IFST Eastern Branch Webinar: The Potential Role of Nutrition in Delaying Mild Cognitive Impairment video recording and report

Organised by IFST Eastern Branch

Just like most of our other organs, the brain is increasingly liable to malfunction with age. The speed of mental processing slows down and short-term memory recall becomes worse. This extremely common condition his termed clinically as Mild Cognitive Impairment (MCI) and often occurs in otherwise healthy older individuals. The brain typically shrinks by 1% a year in MCI patients (and increases to 3% a year in Alzheimer’s Disease). There is emerging evidence that the onset of MCI can be delayed by “healthy living” i.e. primarily good nutrition and exercise. This presentation will consider the beneficial food constituents that influence brain activity and how they can be preserved during the food manufacturing process. The brain is particularly in need of energy from food, accounting for around 20% of total daily intake.

This presentation will examine what is known about the efficacy of specific nutrients, individually and in combination, in relation to delaying the onset of MCI. It will also consider if they could have a role as adjuncts in a more traditional pharmacological approach. The brain in MCI and Prodromal Alzheimer’s patients is increasingly starved of glucose-derived energy. This presentation will examine a new study that uses ketones as an alternative energy source.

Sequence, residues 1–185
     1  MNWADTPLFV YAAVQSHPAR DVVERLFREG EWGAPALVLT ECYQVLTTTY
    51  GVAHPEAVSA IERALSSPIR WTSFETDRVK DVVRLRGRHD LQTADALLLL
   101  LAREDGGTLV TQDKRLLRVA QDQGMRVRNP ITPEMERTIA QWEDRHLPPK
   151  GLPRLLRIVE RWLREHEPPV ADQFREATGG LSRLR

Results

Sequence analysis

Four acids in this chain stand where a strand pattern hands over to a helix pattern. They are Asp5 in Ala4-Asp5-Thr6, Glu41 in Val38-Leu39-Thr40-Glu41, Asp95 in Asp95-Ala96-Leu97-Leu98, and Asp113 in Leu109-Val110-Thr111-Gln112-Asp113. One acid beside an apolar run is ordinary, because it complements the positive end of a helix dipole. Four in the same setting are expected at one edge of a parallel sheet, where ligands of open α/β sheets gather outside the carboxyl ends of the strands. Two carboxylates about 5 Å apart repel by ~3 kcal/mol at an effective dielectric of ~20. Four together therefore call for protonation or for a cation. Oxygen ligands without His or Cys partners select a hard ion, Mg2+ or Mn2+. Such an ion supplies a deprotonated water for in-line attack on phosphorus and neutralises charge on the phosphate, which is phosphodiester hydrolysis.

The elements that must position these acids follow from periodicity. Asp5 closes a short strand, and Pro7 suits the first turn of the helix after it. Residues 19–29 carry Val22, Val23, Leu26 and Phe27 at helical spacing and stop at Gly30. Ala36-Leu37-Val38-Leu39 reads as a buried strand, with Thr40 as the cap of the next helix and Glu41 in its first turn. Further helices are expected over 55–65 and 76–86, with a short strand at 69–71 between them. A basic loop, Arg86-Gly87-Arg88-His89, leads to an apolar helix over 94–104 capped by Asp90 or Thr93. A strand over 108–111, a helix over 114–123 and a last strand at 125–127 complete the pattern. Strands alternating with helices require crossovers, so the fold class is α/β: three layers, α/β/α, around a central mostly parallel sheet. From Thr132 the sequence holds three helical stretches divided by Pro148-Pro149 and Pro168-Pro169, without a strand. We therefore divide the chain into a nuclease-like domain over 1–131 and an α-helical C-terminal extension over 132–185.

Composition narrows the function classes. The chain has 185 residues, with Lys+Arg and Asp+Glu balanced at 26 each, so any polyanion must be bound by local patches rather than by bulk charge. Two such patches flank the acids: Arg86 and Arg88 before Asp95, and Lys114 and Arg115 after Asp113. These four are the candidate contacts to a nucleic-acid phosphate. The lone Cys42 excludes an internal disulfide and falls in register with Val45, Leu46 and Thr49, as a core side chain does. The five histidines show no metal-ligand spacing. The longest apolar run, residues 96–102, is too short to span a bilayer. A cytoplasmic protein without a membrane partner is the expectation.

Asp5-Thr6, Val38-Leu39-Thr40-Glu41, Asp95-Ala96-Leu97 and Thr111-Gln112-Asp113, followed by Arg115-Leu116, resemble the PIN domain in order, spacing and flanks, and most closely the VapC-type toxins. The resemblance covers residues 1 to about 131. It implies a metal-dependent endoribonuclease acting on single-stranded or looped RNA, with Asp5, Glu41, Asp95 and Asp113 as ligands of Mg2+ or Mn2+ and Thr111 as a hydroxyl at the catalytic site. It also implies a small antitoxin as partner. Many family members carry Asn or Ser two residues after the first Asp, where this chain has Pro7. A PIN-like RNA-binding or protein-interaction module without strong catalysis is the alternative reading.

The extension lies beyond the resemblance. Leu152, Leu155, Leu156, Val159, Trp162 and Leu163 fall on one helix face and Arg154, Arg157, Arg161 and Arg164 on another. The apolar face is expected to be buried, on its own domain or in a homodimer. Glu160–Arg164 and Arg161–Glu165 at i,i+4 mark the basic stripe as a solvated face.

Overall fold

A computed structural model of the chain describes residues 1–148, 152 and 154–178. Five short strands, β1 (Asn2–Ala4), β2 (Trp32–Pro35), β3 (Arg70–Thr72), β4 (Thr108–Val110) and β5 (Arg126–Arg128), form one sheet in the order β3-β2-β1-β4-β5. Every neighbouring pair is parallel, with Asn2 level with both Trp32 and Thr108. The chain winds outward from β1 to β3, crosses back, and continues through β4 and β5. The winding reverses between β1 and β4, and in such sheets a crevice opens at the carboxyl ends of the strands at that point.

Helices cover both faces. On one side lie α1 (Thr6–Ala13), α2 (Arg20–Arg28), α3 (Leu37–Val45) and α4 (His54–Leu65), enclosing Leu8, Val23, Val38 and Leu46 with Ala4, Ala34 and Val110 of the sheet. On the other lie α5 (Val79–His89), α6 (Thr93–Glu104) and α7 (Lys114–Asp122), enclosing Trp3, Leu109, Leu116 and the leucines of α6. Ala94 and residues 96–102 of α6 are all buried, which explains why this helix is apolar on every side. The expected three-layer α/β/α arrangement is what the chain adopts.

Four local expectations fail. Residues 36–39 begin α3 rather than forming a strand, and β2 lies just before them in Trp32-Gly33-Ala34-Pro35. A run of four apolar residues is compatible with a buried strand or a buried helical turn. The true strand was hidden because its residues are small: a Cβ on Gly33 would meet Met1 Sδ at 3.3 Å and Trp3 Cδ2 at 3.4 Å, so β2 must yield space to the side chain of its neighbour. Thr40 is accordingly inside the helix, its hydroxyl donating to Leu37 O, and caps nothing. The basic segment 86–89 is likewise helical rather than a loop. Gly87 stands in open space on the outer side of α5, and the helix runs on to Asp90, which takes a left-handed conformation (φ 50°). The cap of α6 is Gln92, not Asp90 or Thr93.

Event Report:

Webinar: The Potential Role of Nutrition in Delaying Mild Cognitive Impairment

Speaker: Dr Rob Winwood presented a fascinating insight to the potential role various components of the diet might have in influencing brain performance. Just like most of our other organs, the brain is increasingly liable to malfunction with age. The speed of mental processing slows down and short-term memory recall becomes worse. 
This extremely common condition is termed clinically as Mild Cognitive Impairment (MCI) and often occurs in otherwise healthy older individuals. The brain typically shrinks by 1% a year in MCI patients (and increases to 3% per year in Alzheimer’s Disease).

There is emerging evidence that the onset of MCI can be delayed by “healthy living” i.e. primarily good nutrition and exercise. Rob’s presentation mentioned some of the beneficial food constituents that influence brain activity and how they can be preserved during the food manufacturing process. The brain is particularly in need of energy from food, accounting for around 20% of total daily intake.

The presentation examined what is known about the efficacy of specific nutrients, individually and in combination, in relation to delaying the onset of MCI.  It also considered if they could have a role as adjuncts in a more traditional pharmacological approach. The brain in MCI and Prodromal Alzheimer’s patients is increasingly starved of glucose-derived energy. Rob’s presentation also highlighted a new study that uses ketones as an alternative energy source. There were over 90 attendees to this webinar.

Written by Steve Timms 

 

 

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